Living Legacy: The Steipeler, zt”l

Living Legacy: The Steipeler, zt”l

By: Yehuda Alter 

Shabbos, the 23rd of Av, marks the yohrtzeit of Rav Yaakov Yisroel Kanievsky, zt”l, one of the greatest luminaries of postwar Eretz Yisroel, when the yeshiva world was being rebuilt there. 

He was born to his father, Rav Chaim Peretz, in the Ukrainian town of Tshan, where his father served as a shochet. His father was a chossid of Rebbe Mordechai Dov of Hornosteipel, and Yaakov Yisroel was named for the Cherkaser Rebbe, a son of the Chernobyler Maggid, who was the grandfather of Rebbe Mordechai Dov. 

Sadly, his father was niftar when he was only eleven years old, and his mother moved the family back to her hometown of Hornosteipel—hence he would become known as the Steipeler. 

Even before his bar mitzvah, he was enrolled in the Novaradoker yeshiva in the town Novaradok. In 1925, following the upheaval of WWI, he smuggled over the border into Poland, and joined Yeshiva Beis Yosef-Novaradok in Bialistok. 

There, he was spotted by the Chazon Ish, who arranged the marriage with his sister Pesha Miriam Karelitz. Subsequently, the Steipeler became one of the leaders of the Novaradoker yeshiva. 

Following the aliya of the Chazon Ish to Eretz Yisroel in 1933, the Steipeler joined him in 1934, settling in the fledgling town of Bnei Brak. He considered the Chazon Ish his rebbe, and in later years they lived together. 

Following the passing of the Chazon Ish in 1953, the Steipeler was considered one of the leaders of the Torah world in Eretz Yisroel. He dedicated his time to learning incessantly, but his door remained open to all in need, as well as to the many yeshiva bachurim who made their way to his home.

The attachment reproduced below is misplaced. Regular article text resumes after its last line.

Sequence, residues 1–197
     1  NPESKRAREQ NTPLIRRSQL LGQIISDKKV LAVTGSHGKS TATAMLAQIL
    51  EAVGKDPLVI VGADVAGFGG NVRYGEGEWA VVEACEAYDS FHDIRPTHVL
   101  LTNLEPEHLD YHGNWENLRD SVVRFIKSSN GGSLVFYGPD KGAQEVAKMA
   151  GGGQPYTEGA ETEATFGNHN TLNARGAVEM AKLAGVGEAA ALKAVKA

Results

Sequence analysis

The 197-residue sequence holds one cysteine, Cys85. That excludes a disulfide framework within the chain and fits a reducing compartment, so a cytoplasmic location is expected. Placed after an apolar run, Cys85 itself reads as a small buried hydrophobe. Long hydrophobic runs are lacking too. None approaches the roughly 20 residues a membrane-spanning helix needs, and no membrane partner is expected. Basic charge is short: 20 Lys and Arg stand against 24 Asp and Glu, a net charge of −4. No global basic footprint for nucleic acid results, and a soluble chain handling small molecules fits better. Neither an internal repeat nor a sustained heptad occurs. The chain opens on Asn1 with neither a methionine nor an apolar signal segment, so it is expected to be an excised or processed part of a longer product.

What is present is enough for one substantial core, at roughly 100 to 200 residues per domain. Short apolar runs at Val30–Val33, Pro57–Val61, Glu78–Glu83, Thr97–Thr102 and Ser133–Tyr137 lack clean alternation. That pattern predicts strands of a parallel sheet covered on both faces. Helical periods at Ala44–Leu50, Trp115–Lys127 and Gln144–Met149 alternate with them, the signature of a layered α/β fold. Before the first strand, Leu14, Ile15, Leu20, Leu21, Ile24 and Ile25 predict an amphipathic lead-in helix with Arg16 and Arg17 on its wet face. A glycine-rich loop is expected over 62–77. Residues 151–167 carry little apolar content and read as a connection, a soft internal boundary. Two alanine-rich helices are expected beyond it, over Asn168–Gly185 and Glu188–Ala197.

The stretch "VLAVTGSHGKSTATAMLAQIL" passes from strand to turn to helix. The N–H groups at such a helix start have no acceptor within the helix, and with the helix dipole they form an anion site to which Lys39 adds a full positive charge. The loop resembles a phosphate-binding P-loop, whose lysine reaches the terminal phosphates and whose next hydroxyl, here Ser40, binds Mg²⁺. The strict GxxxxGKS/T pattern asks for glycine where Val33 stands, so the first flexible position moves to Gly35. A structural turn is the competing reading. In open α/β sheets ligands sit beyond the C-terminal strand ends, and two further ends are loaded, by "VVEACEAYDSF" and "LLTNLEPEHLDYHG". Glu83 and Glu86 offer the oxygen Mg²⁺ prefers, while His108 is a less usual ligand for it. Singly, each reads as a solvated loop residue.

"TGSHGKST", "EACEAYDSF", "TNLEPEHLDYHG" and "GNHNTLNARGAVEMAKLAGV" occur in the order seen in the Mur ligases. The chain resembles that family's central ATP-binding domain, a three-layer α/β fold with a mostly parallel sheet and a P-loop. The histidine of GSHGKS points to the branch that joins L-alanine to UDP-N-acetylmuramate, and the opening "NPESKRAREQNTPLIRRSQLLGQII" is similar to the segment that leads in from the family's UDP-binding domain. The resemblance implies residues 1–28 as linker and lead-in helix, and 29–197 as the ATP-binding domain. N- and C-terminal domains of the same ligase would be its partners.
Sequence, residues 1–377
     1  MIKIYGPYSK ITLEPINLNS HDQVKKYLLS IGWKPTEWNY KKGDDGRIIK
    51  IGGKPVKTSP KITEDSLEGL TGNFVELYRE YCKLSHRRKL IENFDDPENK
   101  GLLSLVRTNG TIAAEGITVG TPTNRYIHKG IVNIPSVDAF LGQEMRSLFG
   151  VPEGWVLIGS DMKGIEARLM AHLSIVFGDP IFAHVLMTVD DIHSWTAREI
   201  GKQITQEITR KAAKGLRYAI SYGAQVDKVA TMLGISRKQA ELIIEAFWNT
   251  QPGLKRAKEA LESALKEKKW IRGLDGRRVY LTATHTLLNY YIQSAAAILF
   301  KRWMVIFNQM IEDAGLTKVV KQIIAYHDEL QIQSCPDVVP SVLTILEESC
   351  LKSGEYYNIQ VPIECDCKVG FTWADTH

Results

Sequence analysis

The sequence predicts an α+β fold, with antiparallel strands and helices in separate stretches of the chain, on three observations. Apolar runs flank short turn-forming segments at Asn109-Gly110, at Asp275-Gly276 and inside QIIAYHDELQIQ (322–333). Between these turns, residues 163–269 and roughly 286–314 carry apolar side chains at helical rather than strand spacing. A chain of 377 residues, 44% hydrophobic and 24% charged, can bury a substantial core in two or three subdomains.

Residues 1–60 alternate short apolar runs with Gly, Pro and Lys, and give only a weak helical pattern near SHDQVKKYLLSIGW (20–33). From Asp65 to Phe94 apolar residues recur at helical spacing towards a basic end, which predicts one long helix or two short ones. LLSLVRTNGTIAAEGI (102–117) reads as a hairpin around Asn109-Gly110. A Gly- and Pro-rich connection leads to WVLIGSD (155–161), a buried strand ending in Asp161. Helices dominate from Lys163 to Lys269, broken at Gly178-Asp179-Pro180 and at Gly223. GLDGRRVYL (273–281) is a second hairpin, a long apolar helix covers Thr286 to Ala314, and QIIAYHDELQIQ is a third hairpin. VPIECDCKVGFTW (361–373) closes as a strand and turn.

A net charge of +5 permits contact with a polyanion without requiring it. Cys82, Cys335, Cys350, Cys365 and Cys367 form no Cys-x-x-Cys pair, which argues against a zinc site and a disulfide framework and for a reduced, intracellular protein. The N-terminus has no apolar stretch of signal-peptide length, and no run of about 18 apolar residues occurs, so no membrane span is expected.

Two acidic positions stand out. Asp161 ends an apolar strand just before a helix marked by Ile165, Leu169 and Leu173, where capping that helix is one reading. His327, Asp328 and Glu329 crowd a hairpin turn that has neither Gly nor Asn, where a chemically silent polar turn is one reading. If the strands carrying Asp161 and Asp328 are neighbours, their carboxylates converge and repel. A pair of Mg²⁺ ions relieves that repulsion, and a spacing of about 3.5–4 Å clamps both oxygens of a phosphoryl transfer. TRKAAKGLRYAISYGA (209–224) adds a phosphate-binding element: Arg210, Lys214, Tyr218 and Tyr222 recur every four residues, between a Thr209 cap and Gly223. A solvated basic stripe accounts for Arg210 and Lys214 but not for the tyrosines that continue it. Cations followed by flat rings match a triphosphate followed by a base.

The Steipeler was famously hard of hearing (due to his standing in the freezing cold Russian night when on army duty), and those wishing to communicate with him needed to write down their questions. In this way, he conversed with thousands of people of all ages and of all stripes. 

When one petitioner from America asked for a brocho for success in learning, the Steipeler responded, “all the brochos in the world won’t help. Sit and learn, and you will be successful.” Indeed, his son, Rav Chaim Kanievsky, zt”l, wrote in a similar vein: “It is commonly known that in yeshivos, it was not necessarily the gifted talmidim who became great, but those who were diligent.” 

He would advise bachurim to get adequate hours of sleep, and in learning, he instructed them to review each daf at least four times. 

The Steipeler was one of the heads of Kolel Chazon Ish, which is still in existence today, and would give deliver an annual shiur there. 

His dedication to his family was boundless. Knowing that his son Rav Chaim wished to sit and learn, he would come to the home often, and take care of all matters (he was known to be very handy, and could repair almost anything).

The Steipeler left this world on Shabbos, 23 Av, of the year 1985, and was interred in the Shomrei Shabbos cemetery in Bnei Brak. 


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